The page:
Gallant attempts were made a century or so ago to make our spelling more phonetic and related to the sounds we make, so that like Spanish or even Welsh (probably not the easiest example) what we see on paper is what we say. But all these were resisted by traditionalists who said that this is the way it is hence ‘the mess’ we have today. Pity really because in the early stages of the evolution of English, the Norman French-speaking nobles and their Latin clerks, in short all the ‘pedants’ interested in grammar and all those awful things like declensions we had to wrestle with at school, just left the ‘peasants’ to develop a simple easy language. Thanks to these ‘rustics’ we don't have to bother trying to make everything agree, or rearranging the order of sentences to fit the verb and we simply add an "s" to make most plurals. Our present ‘mess’ has become a hallowed tradition and won't betide anyone who misspells an English word! What a boon we have in the spell-checker of our computer!
I'm sure all that is an oversimplification of very complicated matters and yet it resonated with me and thoughts of the usefulness of modern Bible translations and our liturgy. This was again brought to mind and prompted by a Church Times article from the pen of Canon Angela Tilby, of Christ Church Oxford, a well-known broadcaster and commenter for Radio 4.
In an article entitled, "Why the Old Lord's Prayer Makes More Sense" (Church Times 18th July 14 – P 15) she wrote, "At the time that the ASB came out, I came to the conclusion that some of those who choose our liturgical texts have cloth ears. I now know, having worked for more than a decade in the liturgy business, that it is an anxious desire for relevance, linked to over-cautious pedantry, which leads to the worse decisions."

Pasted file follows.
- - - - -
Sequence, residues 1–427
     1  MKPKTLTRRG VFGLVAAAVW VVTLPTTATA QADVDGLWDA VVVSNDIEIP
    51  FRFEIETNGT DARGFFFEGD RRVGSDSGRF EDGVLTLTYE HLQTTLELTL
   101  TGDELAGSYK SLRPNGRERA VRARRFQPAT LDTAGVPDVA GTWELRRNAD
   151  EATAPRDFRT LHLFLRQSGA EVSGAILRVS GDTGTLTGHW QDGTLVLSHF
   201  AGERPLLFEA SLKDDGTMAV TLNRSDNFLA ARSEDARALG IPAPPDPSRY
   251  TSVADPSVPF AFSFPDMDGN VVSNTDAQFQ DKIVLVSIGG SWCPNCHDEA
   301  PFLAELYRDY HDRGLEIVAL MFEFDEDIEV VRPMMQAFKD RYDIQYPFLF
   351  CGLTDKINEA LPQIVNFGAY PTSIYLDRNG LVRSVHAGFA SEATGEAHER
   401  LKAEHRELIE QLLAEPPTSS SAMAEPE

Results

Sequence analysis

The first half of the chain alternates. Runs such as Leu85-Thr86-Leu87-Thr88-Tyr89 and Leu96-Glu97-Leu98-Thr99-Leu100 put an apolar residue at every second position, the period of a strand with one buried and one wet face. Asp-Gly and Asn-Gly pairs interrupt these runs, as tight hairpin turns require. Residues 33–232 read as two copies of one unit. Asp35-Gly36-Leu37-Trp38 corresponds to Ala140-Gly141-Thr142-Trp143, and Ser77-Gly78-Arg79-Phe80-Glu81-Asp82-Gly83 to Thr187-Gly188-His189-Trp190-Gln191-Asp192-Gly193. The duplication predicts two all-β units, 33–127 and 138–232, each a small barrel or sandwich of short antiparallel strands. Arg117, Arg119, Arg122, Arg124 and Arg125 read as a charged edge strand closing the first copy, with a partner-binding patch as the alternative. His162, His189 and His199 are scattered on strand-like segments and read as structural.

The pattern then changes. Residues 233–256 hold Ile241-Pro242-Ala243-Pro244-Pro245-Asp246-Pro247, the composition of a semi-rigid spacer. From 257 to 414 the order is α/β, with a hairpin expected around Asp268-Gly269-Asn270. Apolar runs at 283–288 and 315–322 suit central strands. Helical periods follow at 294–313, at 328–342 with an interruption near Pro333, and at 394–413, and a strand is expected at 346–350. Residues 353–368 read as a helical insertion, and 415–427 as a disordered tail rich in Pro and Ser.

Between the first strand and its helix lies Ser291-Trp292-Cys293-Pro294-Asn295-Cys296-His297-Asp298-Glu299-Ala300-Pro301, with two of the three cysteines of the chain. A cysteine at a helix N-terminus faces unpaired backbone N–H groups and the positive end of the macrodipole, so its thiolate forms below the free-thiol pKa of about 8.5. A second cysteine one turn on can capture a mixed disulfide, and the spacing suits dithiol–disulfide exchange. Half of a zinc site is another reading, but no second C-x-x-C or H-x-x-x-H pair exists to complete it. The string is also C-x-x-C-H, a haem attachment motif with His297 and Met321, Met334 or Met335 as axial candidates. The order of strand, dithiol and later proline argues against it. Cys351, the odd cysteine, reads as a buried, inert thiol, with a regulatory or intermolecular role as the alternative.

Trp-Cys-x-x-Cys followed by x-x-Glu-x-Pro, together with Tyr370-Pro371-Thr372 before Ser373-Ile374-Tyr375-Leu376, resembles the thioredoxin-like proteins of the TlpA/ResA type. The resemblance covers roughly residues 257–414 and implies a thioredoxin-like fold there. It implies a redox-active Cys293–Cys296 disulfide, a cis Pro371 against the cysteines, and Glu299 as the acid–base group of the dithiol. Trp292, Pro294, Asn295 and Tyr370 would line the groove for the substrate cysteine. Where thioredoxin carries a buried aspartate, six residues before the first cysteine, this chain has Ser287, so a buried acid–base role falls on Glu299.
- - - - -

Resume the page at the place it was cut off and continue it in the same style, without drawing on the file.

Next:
We are often told that the three main formative influences for the way we use our English language have been Shakespeare, the Authorised Version of the Bible and the Book of Common Prayer. They come from a high point in the development of English which was meant to be heard as well as read. There is a rhythm to the pattern of the words: they sound right. Many phrases have entered and become adages, a part of everyday speech.
Of course there is an undeniably important role for scholarship and especially where it unearths original meaning. The myriad new translations are sometimes helpful in dealing with the more difficult passages as in St Paul's writings which even the early church found puzzling (cf II Peter 3 v 16). Our liturgy, most particularly the Holy Communion, has been remodelled in what is now understood to be its more ancient and original form. It has been freed from some of the preoccupations of the past when, for example, in the BCP seemingly the reformers appear never very sure that God will actually forgive us: perhaps today we are more hopeful of Salvation. All this is to be welcomed as good and helpful. But there is then just a lingering thought, are we losing the richness of the language and so selling-short our inheritance?
For me familiarity with the liturgy is important. We ought to be able to relax to the point where the words act almost like the "hat pegs" on which we can hang our own thoughts, feelings and concerns. After all, Liturgy is the work of the people. It is that coming together in the presence of God which is our shared communion with Our Lord and with his people. We ought to be able to take our eyes off the book in order to look up to Him and to see around us His people.
And in conclusion? While in other spheres of life we seem to accept so much which has come to us by tradition and which has been formative in the development of custom and language I hope in any future reform of Bible or Liturgy our own heritage will be valued and we shall be protected from the well-intentioned whom Canon Angela Tilby suspects may have "cloth ears".